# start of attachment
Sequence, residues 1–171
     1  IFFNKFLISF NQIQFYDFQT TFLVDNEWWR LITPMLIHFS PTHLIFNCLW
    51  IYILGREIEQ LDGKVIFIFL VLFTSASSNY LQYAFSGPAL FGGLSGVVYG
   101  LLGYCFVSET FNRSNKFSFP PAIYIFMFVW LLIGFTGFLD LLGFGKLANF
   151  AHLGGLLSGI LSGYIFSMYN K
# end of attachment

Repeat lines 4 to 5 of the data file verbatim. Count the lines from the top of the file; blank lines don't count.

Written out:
   101  LLGYCFVSET FNRSNKFSFP PAIYIFMFVW LLIGFTGFLD LLGFGKLANF
   151  AHLGGLLSGI LSGYIFSMYN K